Tag Archive | dipuo peters

South Africa remains without rail plan

 Feature article….

Minister Peters fails on rail policy…

dipou Peters2In a written reply to Parliament on the whereabouts of the promised Green Paper on rail policy, transport minister Dipuo Peters told her questioners that such a document which has the intention of outlining South Africa’s rail policy was to be presented to cabinet in November. GCIS statements for cabinet meetings for November and the final cabinet statement in December 2014 made no reference to any such submission having been made – alternatively, the minister might have failed to have it put on the agenda. The country therefore went into Christmas recess once again without an established government policy on both freight and passenger rail transport matters, worrying both industrialists, investors and, not the least, built environment planners.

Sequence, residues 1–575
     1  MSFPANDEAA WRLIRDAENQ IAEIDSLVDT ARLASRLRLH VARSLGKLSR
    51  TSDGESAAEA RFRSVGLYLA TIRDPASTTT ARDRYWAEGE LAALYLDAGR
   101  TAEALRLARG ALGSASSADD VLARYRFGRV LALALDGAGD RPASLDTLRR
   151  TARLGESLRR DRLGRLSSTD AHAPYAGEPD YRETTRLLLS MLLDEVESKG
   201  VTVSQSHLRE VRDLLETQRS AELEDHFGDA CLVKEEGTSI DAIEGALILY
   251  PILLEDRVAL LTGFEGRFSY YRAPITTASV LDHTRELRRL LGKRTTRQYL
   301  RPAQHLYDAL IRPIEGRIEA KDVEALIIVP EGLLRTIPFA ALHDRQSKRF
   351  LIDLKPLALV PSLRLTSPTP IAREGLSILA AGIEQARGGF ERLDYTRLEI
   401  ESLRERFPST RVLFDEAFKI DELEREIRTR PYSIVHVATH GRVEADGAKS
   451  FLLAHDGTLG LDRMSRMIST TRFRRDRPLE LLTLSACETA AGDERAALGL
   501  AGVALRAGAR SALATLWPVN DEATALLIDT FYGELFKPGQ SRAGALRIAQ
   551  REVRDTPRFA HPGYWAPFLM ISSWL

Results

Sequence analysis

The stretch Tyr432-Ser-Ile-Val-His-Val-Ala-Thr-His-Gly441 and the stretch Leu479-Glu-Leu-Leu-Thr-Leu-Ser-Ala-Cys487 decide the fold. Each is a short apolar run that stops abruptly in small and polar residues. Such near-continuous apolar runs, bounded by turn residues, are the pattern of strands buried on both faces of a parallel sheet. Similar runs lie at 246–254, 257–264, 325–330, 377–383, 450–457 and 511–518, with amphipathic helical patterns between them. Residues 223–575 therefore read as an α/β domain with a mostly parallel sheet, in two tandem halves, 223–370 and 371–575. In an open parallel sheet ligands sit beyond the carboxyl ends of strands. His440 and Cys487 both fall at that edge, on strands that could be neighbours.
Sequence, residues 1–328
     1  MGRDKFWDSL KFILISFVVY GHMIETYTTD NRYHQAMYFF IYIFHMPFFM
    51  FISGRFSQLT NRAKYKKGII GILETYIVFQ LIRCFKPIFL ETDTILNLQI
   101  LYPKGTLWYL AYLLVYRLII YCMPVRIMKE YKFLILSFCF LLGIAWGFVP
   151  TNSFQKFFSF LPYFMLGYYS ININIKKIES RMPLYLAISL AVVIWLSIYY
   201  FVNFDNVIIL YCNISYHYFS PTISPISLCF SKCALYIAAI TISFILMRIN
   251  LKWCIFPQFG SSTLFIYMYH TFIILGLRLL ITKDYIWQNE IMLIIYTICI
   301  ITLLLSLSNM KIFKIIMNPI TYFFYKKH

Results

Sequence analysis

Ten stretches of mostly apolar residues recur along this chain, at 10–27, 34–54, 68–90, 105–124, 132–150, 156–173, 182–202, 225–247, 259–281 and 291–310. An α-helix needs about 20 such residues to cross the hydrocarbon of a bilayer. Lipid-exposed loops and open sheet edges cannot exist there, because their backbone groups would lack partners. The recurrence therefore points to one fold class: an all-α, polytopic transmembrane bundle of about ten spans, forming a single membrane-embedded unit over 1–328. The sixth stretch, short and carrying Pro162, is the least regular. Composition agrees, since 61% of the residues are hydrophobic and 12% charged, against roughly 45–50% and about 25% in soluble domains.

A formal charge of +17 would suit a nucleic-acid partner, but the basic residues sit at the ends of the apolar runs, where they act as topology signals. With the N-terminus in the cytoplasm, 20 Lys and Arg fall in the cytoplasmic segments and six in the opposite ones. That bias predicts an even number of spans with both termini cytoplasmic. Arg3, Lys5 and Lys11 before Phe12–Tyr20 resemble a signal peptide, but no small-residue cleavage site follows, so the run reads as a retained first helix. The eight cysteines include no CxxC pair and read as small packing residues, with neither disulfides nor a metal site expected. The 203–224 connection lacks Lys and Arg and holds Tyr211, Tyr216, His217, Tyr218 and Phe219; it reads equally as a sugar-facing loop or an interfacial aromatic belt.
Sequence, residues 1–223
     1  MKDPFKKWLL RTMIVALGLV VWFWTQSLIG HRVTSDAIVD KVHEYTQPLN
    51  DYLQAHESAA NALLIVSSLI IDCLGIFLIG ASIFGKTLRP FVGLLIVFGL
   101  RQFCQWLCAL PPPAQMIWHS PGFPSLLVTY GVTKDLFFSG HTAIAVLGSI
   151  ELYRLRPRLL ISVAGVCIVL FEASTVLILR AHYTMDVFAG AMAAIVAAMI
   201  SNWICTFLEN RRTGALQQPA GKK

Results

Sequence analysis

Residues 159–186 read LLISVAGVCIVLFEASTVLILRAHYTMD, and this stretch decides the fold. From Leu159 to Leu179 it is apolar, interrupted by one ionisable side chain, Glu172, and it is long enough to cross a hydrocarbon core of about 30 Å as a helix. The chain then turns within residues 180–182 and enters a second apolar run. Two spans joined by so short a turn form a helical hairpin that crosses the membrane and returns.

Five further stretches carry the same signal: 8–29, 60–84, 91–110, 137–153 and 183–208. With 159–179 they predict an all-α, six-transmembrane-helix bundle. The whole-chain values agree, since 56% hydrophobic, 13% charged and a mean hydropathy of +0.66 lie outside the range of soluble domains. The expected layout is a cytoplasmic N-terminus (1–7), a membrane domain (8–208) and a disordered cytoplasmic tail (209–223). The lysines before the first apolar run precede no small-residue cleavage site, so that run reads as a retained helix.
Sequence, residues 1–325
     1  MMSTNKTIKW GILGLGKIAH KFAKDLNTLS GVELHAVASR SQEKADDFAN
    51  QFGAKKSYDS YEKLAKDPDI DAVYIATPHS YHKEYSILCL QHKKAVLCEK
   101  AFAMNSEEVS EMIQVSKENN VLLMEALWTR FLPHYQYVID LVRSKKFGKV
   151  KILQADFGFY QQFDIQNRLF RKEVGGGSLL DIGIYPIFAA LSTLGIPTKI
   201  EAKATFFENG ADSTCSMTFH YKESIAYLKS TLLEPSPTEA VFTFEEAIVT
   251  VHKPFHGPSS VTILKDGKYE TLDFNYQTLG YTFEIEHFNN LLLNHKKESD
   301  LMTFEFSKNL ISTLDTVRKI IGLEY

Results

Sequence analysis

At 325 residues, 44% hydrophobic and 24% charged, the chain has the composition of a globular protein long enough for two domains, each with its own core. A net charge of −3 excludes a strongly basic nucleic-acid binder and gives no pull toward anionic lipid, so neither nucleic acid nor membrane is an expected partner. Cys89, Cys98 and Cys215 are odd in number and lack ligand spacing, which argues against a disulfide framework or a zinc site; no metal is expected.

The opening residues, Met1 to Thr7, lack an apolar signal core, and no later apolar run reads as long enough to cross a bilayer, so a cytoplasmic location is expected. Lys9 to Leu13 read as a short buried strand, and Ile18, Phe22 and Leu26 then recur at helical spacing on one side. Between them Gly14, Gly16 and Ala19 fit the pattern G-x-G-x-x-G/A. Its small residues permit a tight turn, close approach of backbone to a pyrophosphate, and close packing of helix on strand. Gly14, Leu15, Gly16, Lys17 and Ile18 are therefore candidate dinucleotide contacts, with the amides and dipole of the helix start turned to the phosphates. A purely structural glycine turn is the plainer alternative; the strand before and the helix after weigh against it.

Just talking together

A draft Green Paper was first submitted to cabinet a year ago but cabinet instructed that more consultation on the proposals was necessary, particularly interchange between the transport and public enterprises departments. The portfolio committee on transport stated that policy on freight rail upgrading and infrastructure development was unclear, plans for commuter and long-distance passenger services confused and no clear picture had emerged on Transnet’s promised policy of structural re-organisation. Subsequent to this, the department set up a national rail policy steering committee to oversee the consultation process and introduce the required changes to policy. It has also divested itself of a number of non-core assets but no clear picture has emerged in statements on the promised policy of giving direction on the privatisation of branch lines.

Since time began…